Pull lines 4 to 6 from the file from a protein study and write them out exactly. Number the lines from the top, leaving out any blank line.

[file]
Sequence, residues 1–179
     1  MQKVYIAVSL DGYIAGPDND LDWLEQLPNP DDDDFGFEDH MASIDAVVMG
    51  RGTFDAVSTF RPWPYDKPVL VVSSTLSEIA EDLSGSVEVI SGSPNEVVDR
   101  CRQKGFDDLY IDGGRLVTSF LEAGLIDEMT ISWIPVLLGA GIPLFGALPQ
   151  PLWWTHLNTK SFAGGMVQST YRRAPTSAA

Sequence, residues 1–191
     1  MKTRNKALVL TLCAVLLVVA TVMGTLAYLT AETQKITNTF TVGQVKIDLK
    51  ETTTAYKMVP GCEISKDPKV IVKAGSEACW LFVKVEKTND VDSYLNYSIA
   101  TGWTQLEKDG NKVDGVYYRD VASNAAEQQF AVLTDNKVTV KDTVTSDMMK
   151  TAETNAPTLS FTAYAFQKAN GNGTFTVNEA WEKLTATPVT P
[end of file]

   101  CRQKGFDDLY IDGGRLVTSF LEAGLIDEMT ISWIPVLLGA GIPLFGALPQ
   151  PLWWTHLNTK SFAGGMVQST YRRAPTSAA

Sequence, residues 1–191